Can I Make A Three Pendant Light Fixture With Only One Electrical

October 28, 2018 4:05 am by sandiego
1 light black vintage plug in hanging pendant with black woven cord and black
Westinghouseindustrial one light adjustable mini pendant with handblown clear seeded glass oil rubbed
Can I Make A Three Pendant Light Fixture With Only One Electrical

So, not sure if this step was necessary, but I took that plate pictured above and I screwed it upside down into the underside of the wood fixture and still used the green ground screw to secure the copper wire for each of the three fixtures. Here is a close up of what I’m trying to explain (but I’m sure I lost y’all a while back!)

So connecting all of the white wires (easy!) as one, all the black wires (also easy!) as one and all of the copper/ground wires as one (WARNING! VERY HARD!) in order to then connect them to the single electrical box wires.

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So, I needed to figure out a better way, without knowing what I was doing at all.

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First step here is to shut down the power for the electrical outlet from your electrical box thing-a-ma-jig. You do not want to get electrocuted. Second step is to make sure the old fixture that was there is removed.

 Third is to have a 2 person team get up on the island (or table) and get ready to secure all of this and hope that it works! Ha!

The ugly yellow lights connected to some track lighting connection thing…

I talked to a nice elderly gentleman (who looked like he himself was present for the invention of electricity) who assured me that the thick ground copper wire could be connected to the 6 inch thin copper wire by simply using wire nuts. 

I place 4 connection pieces in the back to hold all the pieces together. This would be easier if you weren’t using random scraps like me! Also – do you just love my “work bench”? AKA the speakers that no longer work.

(Disclaimer: This was the hardest/most annoying part of this whole project.)

Sorry for the blurry picture, but you get the idea. Tiny copper wire!

This was not easy to do since the copper wire I got from Home Depot was so thick and not easy to work with. But it worked. It ended up looking something like…

My husband went off of blind faith for this project. He truthfully had no idea what I was doing but still was willing to help me install. He is the best!

So, I am not an electrician. My wonderful husband is not an electrician. BE WARNED!

We then carefully screwed the whole wood piece up into the ceiling using predrilled holes in the wood. (I already had the beams in the ceiling marked so I knew where to screw in.) I used 4 inch screws to make sure it was very secure through the wood and that this thing wasn’t going to move once installed. And we screwed the wood real quickly into the studs/beams in the ceiling.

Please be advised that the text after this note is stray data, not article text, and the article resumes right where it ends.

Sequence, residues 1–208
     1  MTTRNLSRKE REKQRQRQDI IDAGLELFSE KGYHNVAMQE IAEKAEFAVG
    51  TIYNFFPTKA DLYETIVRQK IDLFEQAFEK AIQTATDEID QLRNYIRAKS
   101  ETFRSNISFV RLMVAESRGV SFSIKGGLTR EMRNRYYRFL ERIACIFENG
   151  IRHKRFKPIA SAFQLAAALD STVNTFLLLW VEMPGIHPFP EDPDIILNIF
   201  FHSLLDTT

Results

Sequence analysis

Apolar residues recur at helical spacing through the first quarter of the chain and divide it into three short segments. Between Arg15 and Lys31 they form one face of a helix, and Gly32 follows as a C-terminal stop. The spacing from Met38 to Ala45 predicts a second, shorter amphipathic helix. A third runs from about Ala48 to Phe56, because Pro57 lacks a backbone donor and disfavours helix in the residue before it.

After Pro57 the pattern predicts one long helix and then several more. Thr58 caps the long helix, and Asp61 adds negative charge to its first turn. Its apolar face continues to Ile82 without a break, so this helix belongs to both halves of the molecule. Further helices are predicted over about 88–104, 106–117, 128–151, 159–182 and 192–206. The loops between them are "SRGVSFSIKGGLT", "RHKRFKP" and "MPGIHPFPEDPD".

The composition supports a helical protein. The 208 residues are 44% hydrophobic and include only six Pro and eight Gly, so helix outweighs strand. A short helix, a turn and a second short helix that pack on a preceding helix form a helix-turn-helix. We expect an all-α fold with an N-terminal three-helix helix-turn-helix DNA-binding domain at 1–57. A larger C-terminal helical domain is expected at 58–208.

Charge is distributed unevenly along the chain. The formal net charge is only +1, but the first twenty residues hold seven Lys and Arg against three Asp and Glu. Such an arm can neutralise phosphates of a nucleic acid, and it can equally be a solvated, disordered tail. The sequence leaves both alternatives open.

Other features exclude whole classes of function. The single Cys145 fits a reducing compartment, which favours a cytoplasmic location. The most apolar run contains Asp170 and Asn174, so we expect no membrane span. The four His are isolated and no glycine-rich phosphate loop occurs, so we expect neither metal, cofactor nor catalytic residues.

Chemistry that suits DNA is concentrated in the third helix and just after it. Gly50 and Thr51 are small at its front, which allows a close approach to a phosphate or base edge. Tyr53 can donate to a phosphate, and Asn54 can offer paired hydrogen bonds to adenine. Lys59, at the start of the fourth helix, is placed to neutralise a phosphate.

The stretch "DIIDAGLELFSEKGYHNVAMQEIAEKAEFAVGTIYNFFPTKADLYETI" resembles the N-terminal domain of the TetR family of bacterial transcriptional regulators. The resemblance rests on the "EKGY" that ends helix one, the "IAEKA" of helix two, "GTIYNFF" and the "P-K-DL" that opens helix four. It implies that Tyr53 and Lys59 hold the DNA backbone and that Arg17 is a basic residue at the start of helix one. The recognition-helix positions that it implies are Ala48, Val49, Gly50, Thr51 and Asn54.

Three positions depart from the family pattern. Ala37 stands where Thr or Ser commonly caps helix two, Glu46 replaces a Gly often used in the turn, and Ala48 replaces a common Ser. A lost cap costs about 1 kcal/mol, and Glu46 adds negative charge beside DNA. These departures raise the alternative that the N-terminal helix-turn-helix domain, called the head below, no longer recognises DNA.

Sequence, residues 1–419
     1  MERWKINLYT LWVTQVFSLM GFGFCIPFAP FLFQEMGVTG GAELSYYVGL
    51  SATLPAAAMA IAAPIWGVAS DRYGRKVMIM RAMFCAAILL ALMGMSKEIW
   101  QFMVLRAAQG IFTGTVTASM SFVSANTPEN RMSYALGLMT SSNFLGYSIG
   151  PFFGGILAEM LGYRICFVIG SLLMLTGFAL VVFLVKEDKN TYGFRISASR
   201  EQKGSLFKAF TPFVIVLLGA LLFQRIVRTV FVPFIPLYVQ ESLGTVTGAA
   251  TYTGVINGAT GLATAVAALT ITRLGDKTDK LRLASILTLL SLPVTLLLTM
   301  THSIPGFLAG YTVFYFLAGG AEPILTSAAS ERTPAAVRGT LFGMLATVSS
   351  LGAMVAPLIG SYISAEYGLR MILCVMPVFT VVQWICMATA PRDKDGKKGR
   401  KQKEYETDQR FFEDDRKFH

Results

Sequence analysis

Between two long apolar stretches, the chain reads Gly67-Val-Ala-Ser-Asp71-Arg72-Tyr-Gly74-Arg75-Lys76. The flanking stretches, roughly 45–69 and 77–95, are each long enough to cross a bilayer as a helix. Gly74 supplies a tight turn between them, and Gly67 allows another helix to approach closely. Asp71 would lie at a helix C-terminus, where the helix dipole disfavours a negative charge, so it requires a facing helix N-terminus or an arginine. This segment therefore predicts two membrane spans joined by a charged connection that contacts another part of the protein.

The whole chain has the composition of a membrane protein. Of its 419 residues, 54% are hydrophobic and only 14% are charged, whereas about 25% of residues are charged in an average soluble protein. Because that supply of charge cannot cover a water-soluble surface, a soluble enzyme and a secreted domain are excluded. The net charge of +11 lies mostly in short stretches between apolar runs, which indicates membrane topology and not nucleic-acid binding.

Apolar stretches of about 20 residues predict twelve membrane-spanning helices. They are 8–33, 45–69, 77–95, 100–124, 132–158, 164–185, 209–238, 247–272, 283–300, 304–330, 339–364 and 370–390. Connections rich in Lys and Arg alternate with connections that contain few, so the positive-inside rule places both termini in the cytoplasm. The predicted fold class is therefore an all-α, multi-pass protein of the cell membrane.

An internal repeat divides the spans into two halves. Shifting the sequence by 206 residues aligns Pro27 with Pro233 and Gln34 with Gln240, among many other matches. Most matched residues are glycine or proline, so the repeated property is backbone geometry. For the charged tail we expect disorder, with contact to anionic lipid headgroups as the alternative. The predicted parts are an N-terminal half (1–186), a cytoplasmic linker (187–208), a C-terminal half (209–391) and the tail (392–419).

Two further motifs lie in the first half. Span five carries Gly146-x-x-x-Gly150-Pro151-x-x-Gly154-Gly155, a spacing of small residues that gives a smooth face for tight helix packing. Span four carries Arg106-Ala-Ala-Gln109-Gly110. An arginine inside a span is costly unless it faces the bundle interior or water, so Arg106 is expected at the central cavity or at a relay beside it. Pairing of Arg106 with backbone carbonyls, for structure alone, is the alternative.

This doesn’t work for the 3 fixture-in-1 lighting that we are building.(Image is from makeit-loveit.com)

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We used tweezers to reconnect the black wire…tried again…and this is what it looked like:

But, moving into our new home and redesigning our kitchen did not allow for the room, concept, or budget to purchase an electrician and my sanity did not allow living with this nasty yellow island lighting one. day. longer.

So after all of this was secure, we carefully moved our wooden-3-light-fixtures-in-1 creation to the kitchen island and got ready to install.

I based the size of this overall piece upon my island size and the beams in the kitchen ceiling (use a stud finder) that I will be screwing this into. So in total, this wood piece ended up being a little over five feet. I made sure my little scraps of wood connecting the back were where the studs were in the ceiling (mine was about 46 inches apart) just to give a little more oomph to screw into the beams in the ceiling. I marked the distance of the two beams and pre-drilled holes into the wood piece where I would be securing it to the ceiling. Still with me?

Something like this is what you’re looking for the end result to be:

Again, not totally sure if this part was necessary, but I thought “What the hey! I have these included pieces, might as well figure out a way to use them!”

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The white wires and black wires were plenty long enough to twist together and create one single white/black wire….problem with this image is that the copper/ground wire was TINY. I needed it to be 20 inches like the other wires were but each copper wire was only about 6 inches.

Most home wiring is either 12 or 14 gauge, corresponding to either a 20 amp or a 15 amp circuit, respectively. The maximum “design capacity” is 80% of that. Let’s say you’re using a 20 amp breaker with 12 gauge wire. This circuit should run at no more than 16 amps. Let’s assume you’re using 100 watt bulbs at 120 volts. Using watts/volts = amps, for 600 watts/120 volts = 5 amps. So this would work fine on a 15 amp breaker, depending on what else is on that circuit. http://www.thecircuitdetective.com/ is also a superb reference for novice electricians to get an idea of how things work.

Also known as twist on connectors, wire connectors, cone connectors, or thimble connectors.Image from www.idealind.com

So, out of blind faith (and some YouTube video help) we worked to connect all the wire mess from my wooden-3-light-fixtures-in-1 creation to the single electrical box. We “simply” connected the white wires, black wires and all of those annoying copper wires together with XL wire nuts. I say simply because the copper wires were so hard to work with and it took about 10 times (not exaggerating!) to finally get each copper wire neatly screwed together into the large wire nut. (These terms KILL me!)